What happened in the ConCourt on Tuesday was an important moment for cementing the rule of law. That should be our collective focus, not the lies being peddled by Zuma and his opportunistic supporters. The next days will, of course, be crucial as we rely on the democratic institutions of state to meet whatever political forces are unleashed, without fear or favour and in the interests of building a democracy based on the rule of law and not the cheap, corrupt populism Zuma would seek to conjure up.
Institutions matter. During his presidency, Zuma waged a systematic war against the country’s democratic institutions. We are paying a heavy price for his constitutional delinquency, whether by way of blackouts, bail-outs and sky-rocketing unemployment. As Khampepe ACJ pointedly said in her judgment, corruption results in the undermining of human rights. As Zuma and his supporters cry foul, we should never forget that corruption and state capture have real victims - ordinary citizens.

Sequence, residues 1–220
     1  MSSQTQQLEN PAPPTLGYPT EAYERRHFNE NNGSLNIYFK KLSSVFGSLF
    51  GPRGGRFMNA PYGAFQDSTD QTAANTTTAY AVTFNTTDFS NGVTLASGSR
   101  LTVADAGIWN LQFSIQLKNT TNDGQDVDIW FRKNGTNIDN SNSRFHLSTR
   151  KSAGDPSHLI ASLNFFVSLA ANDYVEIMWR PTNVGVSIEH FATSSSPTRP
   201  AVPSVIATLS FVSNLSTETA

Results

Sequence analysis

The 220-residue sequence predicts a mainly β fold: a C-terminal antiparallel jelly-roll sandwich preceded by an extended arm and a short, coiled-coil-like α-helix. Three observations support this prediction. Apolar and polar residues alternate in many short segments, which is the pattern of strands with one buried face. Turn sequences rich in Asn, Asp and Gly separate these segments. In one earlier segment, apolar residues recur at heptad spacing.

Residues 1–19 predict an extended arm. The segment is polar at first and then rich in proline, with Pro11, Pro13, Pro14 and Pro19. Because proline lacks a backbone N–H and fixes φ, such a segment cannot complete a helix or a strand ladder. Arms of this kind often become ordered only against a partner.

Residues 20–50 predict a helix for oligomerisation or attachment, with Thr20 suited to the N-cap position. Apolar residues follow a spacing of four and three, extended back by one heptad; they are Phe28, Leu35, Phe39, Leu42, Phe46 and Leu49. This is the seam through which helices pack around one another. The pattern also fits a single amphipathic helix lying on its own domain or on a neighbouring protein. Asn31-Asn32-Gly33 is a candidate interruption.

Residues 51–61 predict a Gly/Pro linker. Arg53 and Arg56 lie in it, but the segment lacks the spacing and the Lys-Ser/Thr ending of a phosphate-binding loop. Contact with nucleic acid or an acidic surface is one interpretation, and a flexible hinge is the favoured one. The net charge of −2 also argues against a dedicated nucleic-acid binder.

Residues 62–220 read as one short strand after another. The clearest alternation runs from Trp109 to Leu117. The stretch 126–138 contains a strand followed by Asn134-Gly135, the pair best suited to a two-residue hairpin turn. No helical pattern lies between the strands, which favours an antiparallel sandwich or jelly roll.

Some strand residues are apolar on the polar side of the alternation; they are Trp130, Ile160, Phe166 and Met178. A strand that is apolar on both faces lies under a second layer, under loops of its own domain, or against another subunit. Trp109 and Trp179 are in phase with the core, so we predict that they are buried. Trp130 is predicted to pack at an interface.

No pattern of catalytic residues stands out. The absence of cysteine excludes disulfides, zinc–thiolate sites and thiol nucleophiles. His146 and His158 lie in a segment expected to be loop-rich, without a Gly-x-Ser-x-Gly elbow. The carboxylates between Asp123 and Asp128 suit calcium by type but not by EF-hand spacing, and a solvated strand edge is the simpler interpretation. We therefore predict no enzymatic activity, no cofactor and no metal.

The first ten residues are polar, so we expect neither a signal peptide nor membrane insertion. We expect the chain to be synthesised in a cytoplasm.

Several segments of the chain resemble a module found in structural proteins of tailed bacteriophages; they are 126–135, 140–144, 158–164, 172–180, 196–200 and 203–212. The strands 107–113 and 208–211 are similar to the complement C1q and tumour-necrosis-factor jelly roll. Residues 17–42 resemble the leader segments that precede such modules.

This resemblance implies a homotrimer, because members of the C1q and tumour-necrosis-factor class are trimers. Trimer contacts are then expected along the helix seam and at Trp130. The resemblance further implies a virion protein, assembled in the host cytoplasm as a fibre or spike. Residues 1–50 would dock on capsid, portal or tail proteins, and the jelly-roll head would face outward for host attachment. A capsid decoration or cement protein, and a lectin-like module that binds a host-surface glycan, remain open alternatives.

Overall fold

South Africa’s democratic institutions may be frayed at the edges, but on Tuesday the ConCourt reaffirmed the power of the Constitution as well as the centrality of the rule of law in holding the powerful to account.
There really is no place for Zuma to hide in light of this judgment. As Coretta Scott-King said, “Freedom is never really won. You earn it and win it in every generation.”
These words are apposite as we continue the work begun by Madiba and the founding fathers and mothers of the constitutional order when the first ConCourt was inaugurated.
Judith February is a lawyer, governance specialist and Visiting Fellow at the Wits School of Governance. She is the author of 'Turning and turning: exploring the complexities of South Africa’s democracy'. Follow her on Twitter: @judith_february